This is for those of you who, like me, strive for excellence in all things and are the masters of burnout. In an attempt to be perfect (news flash- not to burst your bubble- you will never be), you spread thin your talents and abilities.
To the girl (or boy) trying to do it all: If you are like me, you want to be good at everything you do. Which, frankly, I sincerely hope that you all do strive to be good at everything you do. I hope you do dive into everything wholeheartedly, passionately, and full of life. And, bonus, it’s okay to enjoy being good at what you do. Where we can get thrown off is that word “everything”. Your everything might be different than someone else’s everything. Your load might look different, your skill set, your passions. Don’t compare your everything to someone else’s everything- they’re going to be different and there is no shame if you cannot carry as much. The minute you start diving into more than you can handle, the zeal and passion will dwindle. I just had to start saying no to things, because I realized I was carrying more than I am able to- me. My own personal load that I am meant to carry, despite the fact others around me were thriving with the same amount, if not more. But, no matter what you are capable of carrying, if you load yourself up beyond your personal capacity- everything will suffer and bear the burden. (We will get more to that in a few.) With this effort for excellence can often also come the fear of anything less than perfection, not feeling good enough from the pressure you put on yourself. This is the ugly side of desiring excellence. Because of that, you always have in the back of your mind you could be doing something better, and are likely letting somebody down. Does this ring a bell with you yet? This is SO me. I always think I am in trouble- no matter what. If someone says they want to talk, I immediately have anxiety and start racking my mind for all the things I have maybe done wrong or could have said to them that was rude, or could have been taken wrong. The most innocent of questions will haunt me long after they are asked, and I will begin to over analyze them. I will try to figure out what that person was implying to me by asking me that. I will then usually overexpose myself and barf out all the things I have done wrong in the last week as an attempt to apologize for the unknown reason we are meeting or why that question was asked. Paul always says he is so happy he married, because there is no way on earth I could ever lie to him. I just can’t. Nine times out ten, these conversations I freak out over are positive. In fact, it’s almost never been that I am in trouble. It is to tell me “hey, we just want to tell you how great you are doing at ‘x’.” Or, legit, once it was to tell me I was getting a raise, and I had convinced myself the only reason they could possibly want to talk to me would be to fire me. It’s a real issue, actually, and I am praying for the confidence of God in all things, because what this comes down to is a lack of it. And, as somebody who claims the name of Jesus, I should have all the confidence in the world with what I do- and guilt-free- because he went before me.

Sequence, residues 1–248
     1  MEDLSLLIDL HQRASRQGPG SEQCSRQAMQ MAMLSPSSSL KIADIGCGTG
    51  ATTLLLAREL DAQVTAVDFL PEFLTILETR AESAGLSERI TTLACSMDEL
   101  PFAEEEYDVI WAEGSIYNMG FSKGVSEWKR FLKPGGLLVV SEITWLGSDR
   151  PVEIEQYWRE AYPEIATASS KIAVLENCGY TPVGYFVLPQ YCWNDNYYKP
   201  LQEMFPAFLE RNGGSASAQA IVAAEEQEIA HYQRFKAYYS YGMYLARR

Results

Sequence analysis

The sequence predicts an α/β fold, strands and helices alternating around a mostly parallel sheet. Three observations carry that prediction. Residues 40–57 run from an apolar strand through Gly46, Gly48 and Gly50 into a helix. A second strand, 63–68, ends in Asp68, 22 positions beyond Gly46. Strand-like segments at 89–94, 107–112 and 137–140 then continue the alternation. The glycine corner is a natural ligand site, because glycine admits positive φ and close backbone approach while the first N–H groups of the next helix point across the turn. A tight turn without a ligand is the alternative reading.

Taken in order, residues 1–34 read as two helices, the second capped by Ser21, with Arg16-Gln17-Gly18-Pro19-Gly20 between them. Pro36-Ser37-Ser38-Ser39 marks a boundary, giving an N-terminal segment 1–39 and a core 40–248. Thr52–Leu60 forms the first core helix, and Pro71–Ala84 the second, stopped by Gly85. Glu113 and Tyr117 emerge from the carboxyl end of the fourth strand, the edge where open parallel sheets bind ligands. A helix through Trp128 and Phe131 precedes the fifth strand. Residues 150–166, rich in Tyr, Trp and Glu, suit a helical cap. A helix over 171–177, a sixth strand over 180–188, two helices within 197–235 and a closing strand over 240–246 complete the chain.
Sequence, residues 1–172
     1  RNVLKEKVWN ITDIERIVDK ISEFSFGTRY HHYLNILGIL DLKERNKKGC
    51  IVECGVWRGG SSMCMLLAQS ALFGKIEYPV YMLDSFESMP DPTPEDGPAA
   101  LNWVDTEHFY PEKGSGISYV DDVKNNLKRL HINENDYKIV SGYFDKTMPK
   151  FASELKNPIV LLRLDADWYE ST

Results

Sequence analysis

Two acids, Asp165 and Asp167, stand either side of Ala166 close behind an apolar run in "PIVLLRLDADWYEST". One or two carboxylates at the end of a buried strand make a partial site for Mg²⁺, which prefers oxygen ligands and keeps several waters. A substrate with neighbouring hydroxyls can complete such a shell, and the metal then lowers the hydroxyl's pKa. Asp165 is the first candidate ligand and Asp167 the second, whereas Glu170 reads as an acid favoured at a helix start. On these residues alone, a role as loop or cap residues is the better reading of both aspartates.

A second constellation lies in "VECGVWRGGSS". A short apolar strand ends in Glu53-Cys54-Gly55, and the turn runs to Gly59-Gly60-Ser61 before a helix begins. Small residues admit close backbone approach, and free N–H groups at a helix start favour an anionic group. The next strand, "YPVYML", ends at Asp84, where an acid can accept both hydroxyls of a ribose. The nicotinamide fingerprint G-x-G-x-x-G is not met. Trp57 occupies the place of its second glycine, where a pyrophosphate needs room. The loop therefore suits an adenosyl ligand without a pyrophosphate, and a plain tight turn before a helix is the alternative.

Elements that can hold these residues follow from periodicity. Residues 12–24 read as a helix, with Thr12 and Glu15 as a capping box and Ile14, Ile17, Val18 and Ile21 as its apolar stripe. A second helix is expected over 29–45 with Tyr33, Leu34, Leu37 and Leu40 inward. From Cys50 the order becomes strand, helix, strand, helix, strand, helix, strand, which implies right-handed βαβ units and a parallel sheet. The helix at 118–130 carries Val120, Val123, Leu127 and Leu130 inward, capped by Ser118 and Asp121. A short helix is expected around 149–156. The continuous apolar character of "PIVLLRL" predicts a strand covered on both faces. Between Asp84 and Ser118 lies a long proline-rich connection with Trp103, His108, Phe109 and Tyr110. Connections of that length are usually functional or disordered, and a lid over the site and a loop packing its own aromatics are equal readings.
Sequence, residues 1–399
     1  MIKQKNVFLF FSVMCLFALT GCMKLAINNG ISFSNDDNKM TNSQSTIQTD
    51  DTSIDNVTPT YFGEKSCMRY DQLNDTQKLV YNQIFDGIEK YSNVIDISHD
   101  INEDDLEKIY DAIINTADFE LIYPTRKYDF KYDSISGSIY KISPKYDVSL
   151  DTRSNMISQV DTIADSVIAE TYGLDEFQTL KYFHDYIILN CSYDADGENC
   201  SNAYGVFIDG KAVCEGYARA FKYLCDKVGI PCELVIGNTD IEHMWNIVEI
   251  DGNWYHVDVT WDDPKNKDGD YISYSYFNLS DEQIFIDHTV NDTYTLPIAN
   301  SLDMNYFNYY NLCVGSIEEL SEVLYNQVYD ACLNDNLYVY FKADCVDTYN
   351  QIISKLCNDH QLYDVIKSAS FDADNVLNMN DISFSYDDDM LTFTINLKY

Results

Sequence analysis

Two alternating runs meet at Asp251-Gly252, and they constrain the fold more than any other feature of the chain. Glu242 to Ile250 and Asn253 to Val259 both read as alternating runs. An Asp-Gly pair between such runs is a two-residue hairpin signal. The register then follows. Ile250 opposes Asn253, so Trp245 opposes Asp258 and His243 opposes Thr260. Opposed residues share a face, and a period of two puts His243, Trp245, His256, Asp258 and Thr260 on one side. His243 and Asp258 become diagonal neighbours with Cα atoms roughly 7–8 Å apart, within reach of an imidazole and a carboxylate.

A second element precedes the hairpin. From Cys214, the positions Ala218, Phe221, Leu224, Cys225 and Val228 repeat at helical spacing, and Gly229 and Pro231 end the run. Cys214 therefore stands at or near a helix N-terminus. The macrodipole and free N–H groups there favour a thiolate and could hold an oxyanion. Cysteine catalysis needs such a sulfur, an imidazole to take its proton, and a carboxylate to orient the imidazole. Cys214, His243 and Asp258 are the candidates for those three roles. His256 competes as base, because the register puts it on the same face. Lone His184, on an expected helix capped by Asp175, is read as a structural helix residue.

If you are saying yes, yes yes to any of this, then I get you. We have this beautiful marriage between hard work and passion. Zeal for life and persistence. We literally just don’t take no for an answer, not because we are naive or selfish, but because our vision surpasses being realistic or safe. There really is so much good to this characteristic. But, there is also a side to this marriage that means striving for perfection to a fault, paranoia that people are disappointed in you, and always assuming the worst. You work yourself to burnout, take a couple days to recover, and then follow routine until you burn out again next month. You fail to nurture friendships, because you are running your own race with blinders on. You run over people, not on purpose, but because you have your eye on the end goal, the big vision, and forget about the present. And, the big one, you fail to nurture yourself, take care of you, feed yourself, or sleep well.